Although times were still hard as the result of the depression of 1893, Kelsey began working on the problem with his usual vigor. In order to assure himself that the material was valuable, he asked William W. Bishop, who was then a Fellow at the American School of Classical Studies in Rome, to copy all of the inscriptions in the collection. When these copies reached the United States it at once became evident that the inscriptions contained a wealth of material on the provincial cursus honorum and on the imperial fleet of Misenum across the harbor. An effort was made to find some friend of scholarship who would come to the aid of the University and make the purchase possible. Henry P. Glover, of Ypsilanti, who had done much for his community, provided the necessary funds, but added the proviso that his name was not to be associated with the gift.

As a result of Mr. Glover's generosity there came to the University in 1899 some two hundred and fifty inscriptions on marble, several ash urns, some inscribed lead water pipes, and a few pieces of glass and bronze. The last were a personal gift to Mr. Dennison from Father de Criscio, but, with the generosity which characterized him, Dennison insisted on turning these over to the University also, to enrich its collections.

All of the objects arrived in good condition. This was due in great measure to the kindness of the museum authorities at Naples, who not only allowed some very valuable pieces to be sent abroad but also sent an experienced person to oversee the packing. In a letter to Dennison, Kelsey wrote, "I am surprised that the Government allowed the exportation of certain of the blocks, but the successful outcome of this aspect of the negotiations must be credited to Professor Mau."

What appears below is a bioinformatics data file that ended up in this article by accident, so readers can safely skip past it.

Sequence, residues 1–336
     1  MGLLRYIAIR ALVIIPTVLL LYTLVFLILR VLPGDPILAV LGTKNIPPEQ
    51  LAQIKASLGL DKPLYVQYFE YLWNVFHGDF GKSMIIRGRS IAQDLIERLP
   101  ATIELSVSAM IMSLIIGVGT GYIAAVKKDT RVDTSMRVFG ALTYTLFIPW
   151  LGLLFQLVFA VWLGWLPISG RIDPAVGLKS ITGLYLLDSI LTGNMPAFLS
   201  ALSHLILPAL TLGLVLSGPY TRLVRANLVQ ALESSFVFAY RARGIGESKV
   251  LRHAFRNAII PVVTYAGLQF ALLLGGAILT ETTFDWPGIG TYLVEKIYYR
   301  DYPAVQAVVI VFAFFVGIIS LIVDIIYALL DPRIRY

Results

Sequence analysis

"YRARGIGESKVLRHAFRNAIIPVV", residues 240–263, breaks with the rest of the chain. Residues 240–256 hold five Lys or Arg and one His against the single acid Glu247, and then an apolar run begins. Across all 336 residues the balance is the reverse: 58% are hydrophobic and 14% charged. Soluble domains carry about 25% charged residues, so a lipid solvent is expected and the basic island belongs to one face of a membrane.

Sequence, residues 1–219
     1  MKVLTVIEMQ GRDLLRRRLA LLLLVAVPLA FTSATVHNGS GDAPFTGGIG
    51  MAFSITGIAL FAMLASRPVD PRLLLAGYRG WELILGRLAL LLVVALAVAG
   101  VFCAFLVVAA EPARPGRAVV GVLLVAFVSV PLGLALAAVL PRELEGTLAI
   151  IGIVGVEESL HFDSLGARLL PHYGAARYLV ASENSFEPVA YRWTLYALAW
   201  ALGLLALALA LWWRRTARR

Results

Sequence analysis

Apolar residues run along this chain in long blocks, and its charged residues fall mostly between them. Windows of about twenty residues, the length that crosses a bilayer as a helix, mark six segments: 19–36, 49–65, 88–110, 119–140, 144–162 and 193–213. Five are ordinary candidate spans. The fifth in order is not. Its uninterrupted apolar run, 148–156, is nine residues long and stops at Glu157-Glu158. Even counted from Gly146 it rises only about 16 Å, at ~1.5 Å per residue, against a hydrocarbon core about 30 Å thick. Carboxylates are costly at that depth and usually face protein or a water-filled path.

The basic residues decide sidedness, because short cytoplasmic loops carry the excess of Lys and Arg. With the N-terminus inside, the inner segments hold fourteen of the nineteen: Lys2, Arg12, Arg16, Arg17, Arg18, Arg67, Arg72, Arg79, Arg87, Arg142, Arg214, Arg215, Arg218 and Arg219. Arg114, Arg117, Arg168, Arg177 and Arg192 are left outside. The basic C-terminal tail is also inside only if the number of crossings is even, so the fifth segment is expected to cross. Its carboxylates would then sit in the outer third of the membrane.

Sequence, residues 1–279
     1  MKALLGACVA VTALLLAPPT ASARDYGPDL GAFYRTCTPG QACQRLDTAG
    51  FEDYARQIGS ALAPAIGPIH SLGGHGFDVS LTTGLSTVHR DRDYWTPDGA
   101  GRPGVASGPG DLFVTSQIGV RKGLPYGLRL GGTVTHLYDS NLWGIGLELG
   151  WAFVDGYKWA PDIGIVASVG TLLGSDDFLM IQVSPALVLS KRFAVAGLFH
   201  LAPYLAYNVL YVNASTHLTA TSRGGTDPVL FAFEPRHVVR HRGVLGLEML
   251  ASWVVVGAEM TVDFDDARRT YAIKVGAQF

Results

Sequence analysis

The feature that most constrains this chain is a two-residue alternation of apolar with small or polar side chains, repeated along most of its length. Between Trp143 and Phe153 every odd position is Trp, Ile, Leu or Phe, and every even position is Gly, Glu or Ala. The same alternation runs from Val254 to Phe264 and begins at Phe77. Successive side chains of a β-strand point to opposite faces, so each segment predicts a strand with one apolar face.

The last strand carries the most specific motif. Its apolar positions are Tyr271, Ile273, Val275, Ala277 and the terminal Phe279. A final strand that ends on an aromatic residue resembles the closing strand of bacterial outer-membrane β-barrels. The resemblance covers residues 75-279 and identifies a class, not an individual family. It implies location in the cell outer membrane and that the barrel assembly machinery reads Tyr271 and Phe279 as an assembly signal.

In 1905, nine more inscriptions and several inscribed tiles, an incense altar, four tegulae suspensurae, for supporting the hollow floors of baths, a limestone wellhead, and a marble bath basin, were obtained from Father de Criscio.

Six years later the good father passed away, in the eighty-sixth year of his life. After some years his widowed sister, who had been his housekeeper, wrote to Mr. Dennison, unaware that he too had died in 1917, a victim of pneumonia, and offered to sell the residue of her brother's collection to the University. This letter was sent on to Professor Kelsey, who at once took up with President Burton the problem of securing the necessary funds. When this was done, the purchase was completed and the shipment of the material to Michigan was looked after by Professor John G. Winter, who was on leave in Italy in 1923.

In this third lot, the University secured some six hundred objects, among Page  1475them seven inscriptions, several pieces of marble relief-work, many fine specimens of blackware, several large storage jars, and many small objects. This material is of great value, as it shows the nature of the objects in daily use by the people of a small provincial town, and the University is fortunate in having been able to acquire it. The Kelsey Museum of Archaeology, which has custody of the collection, will keep alive the memory of the good priest who collected these objects, as well as the memory of others whose devotion and generosity brought the De Criscio collection to the University.